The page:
Like business building, investing requires discipline. It also helps to look in places most people ignore. Then stick to it.

Best wishes,

Jon Markman

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Comments 5

  1. ML August 1, 2017

    This article seems to be missing the punchline……so the stocks I like are…….

    Reply

  2. H. Craig Bradley August 1, 2017

    SMALL CAP FUND MANAGERS AND LACK OF “ALPHA”

    A recent Barron’s article mentions 55% of Small Company fund managers failed to do as well as the Russell 2000 for the past 5 years. This suggests that institutional money is not necessarily the so-called “smart money ” when it comes to finding quality, growth oriented small caps for reasonable valuations. Another words, its pretty hard to find much “Alpha” in regards to many small company actively managed funds.

    In addition, the article suggested a good small company Index ( at Vanguard, for instance) might be a better holding for less in fees, since the big boys don’t earn the fund fees they charge so often. Many (1/2) have poor track records. For whatever reason, small cap managers just don’t do the legwork ( necessary fundamental research). Being mainly a chartest or technical trader is not “investing” anyway, its “speculating” based on market or stock price trends. Buying good small company stocks means often also being a type of Value investor. You have to be patient in large cap growth markets like we have had for the past few years too.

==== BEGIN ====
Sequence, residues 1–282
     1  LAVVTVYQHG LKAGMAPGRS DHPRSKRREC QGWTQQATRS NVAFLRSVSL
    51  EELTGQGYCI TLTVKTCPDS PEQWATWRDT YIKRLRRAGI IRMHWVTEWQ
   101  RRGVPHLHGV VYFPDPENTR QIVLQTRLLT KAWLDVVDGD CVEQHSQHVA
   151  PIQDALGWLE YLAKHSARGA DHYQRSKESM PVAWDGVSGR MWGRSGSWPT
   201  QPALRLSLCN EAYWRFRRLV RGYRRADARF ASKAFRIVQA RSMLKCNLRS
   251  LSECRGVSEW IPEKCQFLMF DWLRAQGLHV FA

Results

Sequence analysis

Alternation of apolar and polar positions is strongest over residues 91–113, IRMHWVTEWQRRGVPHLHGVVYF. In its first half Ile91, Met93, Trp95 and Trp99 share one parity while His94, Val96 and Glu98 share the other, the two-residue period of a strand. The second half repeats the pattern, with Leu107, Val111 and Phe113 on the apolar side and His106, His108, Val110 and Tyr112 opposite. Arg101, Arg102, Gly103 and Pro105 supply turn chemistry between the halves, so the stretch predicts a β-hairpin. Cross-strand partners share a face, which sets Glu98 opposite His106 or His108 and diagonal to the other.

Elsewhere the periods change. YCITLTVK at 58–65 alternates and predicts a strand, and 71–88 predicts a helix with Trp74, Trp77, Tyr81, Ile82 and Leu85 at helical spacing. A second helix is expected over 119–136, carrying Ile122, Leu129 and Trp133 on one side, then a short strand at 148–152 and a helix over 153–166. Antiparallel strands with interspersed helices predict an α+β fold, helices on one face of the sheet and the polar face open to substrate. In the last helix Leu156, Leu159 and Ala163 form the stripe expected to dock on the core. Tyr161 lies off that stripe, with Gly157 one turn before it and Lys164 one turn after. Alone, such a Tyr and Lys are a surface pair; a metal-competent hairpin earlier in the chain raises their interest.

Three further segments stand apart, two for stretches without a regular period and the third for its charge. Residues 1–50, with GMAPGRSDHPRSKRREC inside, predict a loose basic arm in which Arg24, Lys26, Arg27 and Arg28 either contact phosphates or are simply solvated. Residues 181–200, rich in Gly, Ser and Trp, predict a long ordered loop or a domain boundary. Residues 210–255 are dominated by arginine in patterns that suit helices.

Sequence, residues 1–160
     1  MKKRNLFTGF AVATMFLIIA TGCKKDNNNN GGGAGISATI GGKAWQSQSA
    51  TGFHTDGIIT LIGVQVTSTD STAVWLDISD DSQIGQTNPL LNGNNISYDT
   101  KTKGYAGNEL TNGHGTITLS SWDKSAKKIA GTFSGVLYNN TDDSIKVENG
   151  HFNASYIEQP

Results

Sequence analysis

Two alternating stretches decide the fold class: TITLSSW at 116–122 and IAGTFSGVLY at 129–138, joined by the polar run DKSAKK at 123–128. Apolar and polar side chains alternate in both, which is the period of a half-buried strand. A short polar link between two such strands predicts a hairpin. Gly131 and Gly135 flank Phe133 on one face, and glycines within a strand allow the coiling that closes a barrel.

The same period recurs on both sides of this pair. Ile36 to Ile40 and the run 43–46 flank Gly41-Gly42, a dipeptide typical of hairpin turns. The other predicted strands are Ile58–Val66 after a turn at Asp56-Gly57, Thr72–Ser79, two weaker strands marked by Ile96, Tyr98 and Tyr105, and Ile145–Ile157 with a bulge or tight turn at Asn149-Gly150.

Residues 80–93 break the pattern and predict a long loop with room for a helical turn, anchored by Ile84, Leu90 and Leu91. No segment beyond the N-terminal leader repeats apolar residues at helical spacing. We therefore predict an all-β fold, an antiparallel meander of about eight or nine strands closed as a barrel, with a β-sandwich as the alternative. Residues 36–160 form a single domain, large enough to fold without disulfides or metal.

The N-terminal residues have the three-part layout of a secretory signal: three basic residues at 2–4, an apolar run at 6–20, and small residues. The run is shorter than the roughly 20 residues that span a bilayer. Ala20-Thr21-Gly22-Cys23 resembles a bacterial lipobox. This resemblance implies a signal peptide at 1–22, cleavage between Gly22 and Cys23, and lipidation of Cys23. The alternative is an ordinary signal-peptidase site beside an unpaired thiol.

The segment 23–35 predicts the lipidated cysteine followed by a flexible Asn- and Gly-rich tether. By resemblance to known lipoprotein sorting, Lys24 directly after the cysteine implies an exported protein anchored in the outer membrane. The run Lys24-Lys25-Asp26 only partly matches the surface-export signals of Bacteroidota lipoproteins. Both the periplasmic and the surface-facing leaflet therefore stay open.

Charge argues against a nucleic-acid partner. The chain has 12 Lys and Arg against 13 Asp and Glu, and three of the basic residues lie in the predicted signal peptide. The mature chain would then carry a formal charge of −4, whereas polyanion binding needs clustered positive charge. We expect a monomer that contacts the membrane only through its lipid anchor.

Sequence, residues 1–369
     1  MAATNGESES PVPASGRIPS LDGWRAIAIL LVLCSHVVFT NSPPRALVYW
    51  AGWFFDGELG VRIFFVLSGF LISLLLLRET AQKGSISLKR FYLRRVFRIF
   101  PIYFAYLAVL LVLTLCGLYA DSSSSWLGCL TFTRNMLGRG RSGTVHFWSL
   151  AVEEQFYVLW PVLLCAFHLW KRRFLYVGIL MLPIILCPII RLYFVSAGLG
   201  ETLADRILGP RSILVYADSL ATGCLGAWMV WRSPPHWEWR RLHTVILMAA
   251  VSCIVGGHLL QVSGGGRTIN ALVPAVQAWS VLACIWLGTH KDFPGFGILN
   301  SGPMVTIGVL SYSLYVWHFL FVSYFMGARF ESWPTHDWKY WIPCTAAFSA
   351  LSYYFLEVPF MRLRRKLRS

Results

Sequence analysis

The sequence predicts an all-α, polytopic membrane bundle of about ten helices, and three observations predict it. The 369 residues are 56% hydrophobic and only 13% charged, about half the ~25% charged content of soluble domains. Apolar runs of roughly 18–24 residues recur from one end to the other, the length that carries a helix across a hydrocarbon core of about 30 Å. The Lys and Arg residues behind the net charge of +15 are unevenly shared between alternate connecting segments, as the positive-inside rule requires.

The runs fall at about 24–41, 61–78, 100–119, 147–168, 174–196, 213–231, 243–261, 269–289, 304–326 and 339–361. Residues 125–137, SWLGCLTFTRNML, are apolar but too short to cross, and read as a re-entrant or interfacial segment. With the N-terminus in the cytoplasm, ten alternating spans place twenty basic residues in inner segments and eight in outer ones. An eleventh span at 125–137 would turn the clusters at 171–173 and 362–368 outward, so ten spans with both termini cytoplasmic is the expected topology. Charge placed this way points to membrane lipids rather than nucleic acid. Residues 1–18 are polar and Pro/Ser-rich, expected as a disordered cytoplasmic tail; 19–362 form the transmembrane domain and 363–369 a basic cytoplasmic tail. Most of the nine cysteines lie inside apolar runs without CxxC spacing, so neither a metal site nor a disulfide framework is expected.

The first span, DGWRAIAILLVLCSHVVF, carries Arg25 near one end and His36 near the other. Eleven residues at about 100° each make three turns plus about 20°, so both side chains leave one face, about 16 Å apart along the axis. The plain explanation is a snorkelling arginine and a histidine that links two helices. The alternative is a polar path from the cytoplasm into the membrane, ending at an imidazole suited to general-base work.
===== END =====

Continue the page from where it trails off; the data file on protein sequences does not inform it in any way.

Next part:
Reply

  3. Jon Wexler August 2, 2017

    Being a Jon like me, you could even be a match for smarts, except would have to be in Collins, not Wall St. So if you’ve got 70 Aussie stocks gonna go gangbusters, let’s hear some more

    Reply

  4. Ron Howard August 2, 2017

    Jon,

    Good insight not only in regards to the markets but also in many areas of life. It is in the hidden value that great opportunities exist but they are not obvious so therefore the great majority of folks will always be perplexed and never advance very far. Only the students of the markets who are truly interested may benefit. I came to this way of thinking by studying strategy, namely military strategy since that is where the subject originated. The leading figure in military strategy is a British officer by the name of Basil Liddell Hart. He wrote many books centered on only one element of strategy, namely, the indirect approach; which is to say take the road least taken. Your stock picks are on the road least taken. I have made over a million dollars travelling the hidden road elsewise, I would have wound up like most traders….broke.
    Thanks,
    Ron

    Reply

  5. James August 5, 2017

    How’s this all gonna effect the boom, recession, depression, recovery and growth cycle that we are in. I predict strong growth in GDP at factor costs and GDP at market prices. I predict growth in the solow steady state residual. I also predict increasing returns to scale. I also predict economies of scale. Stay out of real estate investment trusts. There’s gonna be a gold tranche. A return to the gold bullion standard maybe even a gold rush. Exchange rates will remain fixed and flexible to stay out of the currency markets. The best markets to go in for are the commodities market oil, gold and precious metals.

    Happy Investing

    Kind Regards

    Jim C

    Reply